11am. A chap comes into the office I share with Sarah, the other departmental secretary, and asks: 'Are you girls ready for lunch yet?' He is not blind and I wear a shirt and tie, brogues and occasional whiskers, but his old habit dies hard. I took over the job from Joanna, and as far as he is concerned, the room I work in will always be The Girls' Room.
Friday 12. I am late arriving at a secretaries' forum and get stared at by fifty-odd women. Before the lecture begins, new faces are introduced. They stand and smile for their colleagues. 'Lastly, the one you've all been waiting for . . . J P Flintoff]' I bow, to applause and even some cheers - presumably just for being a man.
The secretary-in-chief, Daisy, has been kind. She says the department is lucky to have me. But the fact is that men can't easily get temp jobs as secretaries, as many students have found this summer. Clients tell agencies off the record that they don't want a man - and no agency is going to lose a client in pursuit of equal opportunities. Male temps are sent to work in post rooms or on switchboards - even when qualified for better- paid secretarial work.
4pm. The editor of the in-house newspaper sniffs the possibility of a story when she hears there is a male secretary on the staff. I am happy to be featured until I receive the distinct impression that the plan is to illustrate the article with a photograph of me with a big teddy bear or a bunch of flowers on my desk.
For some reason there is a popular belief that a man in a 'woman's' job is likely to be effeminate: everyone asks when I am going to wear a skirt. Perhaps I should add a sort of military suffix to my title, and become, say, Secretary-General, like Boutros Boutros-Ghali.
Monday 9.15am. The first instance of real condescension: calling us girls is one thing - nobody would call men in their mid-twenties boys - but bringing me two letters to type and then rushing back to stress that there are two of them shows a distinct lack of confidence in my powers of observation.
Five minutes later, the second instance: I am asked to retrieve a car from the garage where it has been repaired, so that my boss can get to his meeting on time. 'Obviously,' he points out, 'you don't need to call me a cab this time.' Obviously, I reply.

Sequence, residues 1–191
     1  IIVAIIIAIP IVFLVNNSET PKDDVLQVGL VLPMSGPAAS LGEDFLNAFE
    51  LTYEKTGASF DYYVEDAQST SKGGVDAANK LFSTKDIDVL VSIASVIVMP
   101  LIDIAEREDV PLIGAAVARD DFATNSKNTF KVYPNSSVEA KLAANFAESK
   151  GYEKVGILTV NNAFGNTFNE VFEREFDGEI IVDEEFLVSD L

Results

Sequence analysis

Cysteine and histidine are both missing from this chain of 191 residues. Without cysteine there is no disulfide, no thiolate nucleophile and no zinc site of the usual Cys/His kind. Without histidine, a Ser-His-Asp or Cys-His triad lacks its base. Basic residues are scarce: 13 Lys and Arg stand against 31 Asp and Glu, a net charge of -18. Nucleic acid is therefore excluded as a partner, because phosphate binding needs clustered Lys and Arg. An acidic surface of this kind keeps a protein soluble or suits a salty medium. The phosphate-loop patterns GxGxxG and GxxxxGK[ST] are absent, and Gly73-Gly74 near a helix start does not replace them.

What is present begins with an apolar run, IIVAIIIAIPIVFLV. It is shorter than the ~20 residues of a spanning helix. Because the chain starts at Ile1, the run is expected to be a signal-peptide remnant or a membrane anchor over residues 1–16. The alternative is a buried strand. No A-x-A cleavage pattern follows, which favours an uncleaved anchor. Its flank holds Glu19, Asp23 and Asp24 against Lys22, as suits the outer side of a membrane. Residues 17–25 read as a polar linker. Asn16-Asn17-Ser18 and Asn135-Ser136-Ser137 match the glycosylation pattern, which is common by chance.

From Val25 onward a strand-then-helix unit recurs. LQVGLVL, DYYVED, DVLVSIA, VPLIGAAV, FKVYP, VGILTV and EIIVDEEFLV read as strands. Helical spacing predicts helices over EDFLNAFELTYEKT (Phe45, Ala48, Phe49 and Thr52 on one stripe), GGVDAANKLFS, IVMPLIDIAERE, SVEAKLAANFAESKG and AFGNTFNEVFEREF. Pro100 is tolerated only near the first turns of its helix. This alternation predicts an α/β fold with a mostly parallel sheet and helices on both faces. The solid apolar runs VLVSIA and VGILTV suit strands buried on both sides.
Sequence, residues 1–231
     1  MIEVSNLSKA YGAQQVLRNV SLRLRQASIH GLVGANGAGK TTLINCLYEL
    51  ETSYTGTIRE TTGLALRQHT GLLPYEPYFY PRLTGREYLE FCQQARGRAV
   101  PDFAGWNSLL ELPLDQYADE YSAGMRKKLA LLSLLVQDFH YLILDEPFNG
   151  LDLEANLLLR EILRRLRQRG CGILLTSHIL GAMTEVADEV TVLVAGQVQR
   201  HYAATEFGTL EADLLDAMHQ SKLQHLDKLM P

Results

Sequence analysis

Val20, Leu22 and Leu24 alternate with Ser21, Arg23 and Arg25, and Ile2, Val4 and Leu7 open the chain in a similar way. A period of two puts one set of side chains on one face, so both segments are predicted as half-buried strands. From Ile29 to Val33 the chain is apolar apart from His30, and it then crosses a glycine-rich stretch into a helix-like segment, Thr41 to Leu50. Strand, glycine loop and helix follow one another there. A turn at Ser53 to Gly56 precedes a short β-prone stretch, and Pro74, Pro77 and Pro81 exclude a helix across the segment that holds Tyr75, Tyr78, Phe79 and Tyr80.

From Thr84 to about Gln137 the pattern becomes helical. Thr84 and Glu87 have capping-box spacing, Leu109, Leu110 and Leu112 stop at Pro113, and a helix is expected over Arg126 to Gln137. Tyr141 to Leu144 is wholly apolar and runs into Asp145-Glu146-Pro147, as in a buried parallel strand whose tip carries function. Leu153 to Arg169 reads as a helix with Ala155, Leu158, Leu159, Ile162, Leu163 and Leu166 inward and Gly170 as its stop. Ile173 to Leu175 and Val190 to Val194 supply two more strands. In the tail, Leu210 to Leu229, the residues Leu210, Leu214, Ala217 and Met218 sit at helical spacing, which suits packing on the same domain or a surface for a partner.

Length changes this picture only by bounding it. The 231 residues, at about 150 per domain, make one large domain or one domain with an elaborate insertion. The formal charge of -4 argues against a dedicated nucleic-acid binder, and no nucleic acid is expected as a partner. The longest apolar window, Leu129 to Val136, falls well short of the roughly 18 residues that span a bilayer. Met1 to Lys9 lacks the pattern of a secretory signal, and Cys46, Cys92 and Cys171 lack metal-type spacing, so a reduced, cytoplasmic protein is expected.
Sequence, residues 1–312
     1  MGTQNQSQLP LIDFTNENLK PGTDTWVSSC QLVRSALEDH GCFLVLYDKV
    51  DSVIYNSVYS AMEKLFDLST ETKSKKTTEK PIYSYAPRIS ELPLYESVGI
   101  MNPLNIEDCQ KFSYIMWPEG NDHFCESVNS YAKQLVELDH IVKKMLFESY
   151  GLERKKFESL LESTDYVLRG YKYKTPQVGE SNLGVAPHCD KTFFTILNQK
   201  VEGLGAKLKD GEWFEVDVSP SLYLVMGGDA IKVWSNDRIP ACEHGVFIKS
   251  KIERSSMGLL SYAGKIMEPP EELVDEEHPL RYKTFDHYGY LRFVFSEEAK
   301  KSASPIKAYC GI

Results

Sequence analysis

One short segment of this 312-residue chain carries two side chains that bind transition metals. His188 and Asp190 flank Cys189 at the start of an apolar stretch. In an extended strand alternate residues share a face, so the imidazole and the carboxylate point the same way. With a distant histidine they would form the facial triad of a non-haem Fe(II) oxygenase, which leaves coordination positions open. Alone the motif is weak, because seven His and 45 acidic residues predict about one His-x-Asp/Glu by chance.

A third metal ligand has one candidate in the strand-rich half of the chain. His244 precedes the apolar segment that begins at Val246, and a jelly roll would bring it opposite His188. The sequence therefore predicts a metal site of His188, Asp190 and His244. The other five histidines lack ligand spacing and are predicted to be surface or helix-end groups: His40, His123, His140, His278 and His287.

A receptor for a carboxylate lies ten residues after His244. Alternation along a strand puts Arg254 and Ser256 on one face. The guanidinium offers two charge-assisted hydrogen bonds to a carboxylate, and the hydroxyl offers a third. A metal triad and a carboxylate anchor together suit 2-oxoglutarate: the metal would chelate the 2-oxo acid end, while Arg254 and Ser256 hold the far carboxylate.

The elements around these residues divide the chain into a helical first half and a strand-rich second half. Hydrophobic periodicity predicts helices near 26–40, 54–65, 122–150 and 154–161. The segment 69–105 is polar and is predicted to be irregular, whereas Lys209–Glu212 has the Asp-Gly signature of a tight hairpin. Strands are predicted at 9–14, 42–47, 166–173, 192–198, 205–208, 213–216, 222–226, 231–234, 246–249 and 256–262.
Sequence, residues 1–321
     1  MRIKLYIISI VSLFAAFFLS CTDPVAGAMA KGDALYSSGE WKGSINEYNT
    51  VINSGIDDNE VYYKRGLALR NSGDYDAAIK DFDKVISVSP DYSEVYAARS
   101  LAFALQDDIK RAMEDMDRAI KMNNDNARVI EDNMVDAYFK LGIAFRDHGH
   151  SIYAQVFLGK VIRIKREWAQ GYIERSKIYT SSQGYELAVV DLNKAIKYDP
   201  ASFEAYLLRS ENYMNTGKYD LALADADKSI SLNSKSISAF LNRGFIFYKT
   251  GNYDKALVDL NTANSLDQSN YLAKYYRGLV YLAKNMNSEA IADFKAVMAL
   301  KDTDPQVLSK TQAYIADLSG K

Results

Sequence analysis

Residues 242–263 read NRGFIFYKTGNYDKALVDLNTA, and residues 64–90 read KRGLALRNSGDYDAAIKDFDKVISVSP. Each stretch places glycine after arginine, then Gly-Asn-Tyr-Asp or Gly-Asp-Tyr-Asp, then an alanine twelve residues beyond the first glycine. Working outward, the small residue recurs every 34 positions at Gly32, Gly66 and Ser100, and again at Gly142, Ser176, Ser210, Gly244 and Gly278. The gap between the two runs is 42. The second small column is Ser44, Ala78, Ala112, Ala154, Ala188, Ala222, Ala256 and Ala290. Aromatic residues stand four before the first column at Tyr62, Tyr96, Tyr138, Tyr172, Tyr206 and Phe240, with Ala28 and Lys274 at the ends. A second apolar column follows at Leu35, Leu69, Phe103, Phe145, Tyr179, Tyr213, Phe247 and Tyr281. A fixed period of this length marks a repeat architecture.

Junior managers are noticeably more careful when seeking my help rather than Sarah's. Sometimes they go to her for something they know to be my responsibility. She then asks me. I say yes. In this way the difficulty of asking a bloke a favour is skirted round.
Tuesday Sarah is ill, but this is the quietest day I've had - even though I have her work to do as well as my own. All the extra requests from management have miraculously ceased. I have no longer had to send faxes and call cabs - they've managed to do it themselves. It's as if Sarah's presence rubs off on me the somehow 'humbler' status of a 'girl'.
11am. A visitor comes into my room and makes himself at home, fiddling with pens on my desk. I ask if I can help and he says: 'No, it's OK, I'll wait until the secretaries come back.'
3.30pm. A university friend asks the switchboard to put him through to me, adding that he thinks I am a secretary. The operator, who says hello and goodbye to me every day but has no idea what I do, says: 'Oh no, dear, he's not on the admin staff - he's a consultant. He wouldn't like to hear you call him a secretary]'
But I don't mind calling myself a secretary. Men in other companies often call themselves assistants, which is a cowardly euphemism. If being a secretary is a source of shame, then there is little point in being one. I have found it fascinating - but then I don't intend to be one for ever.Reuse content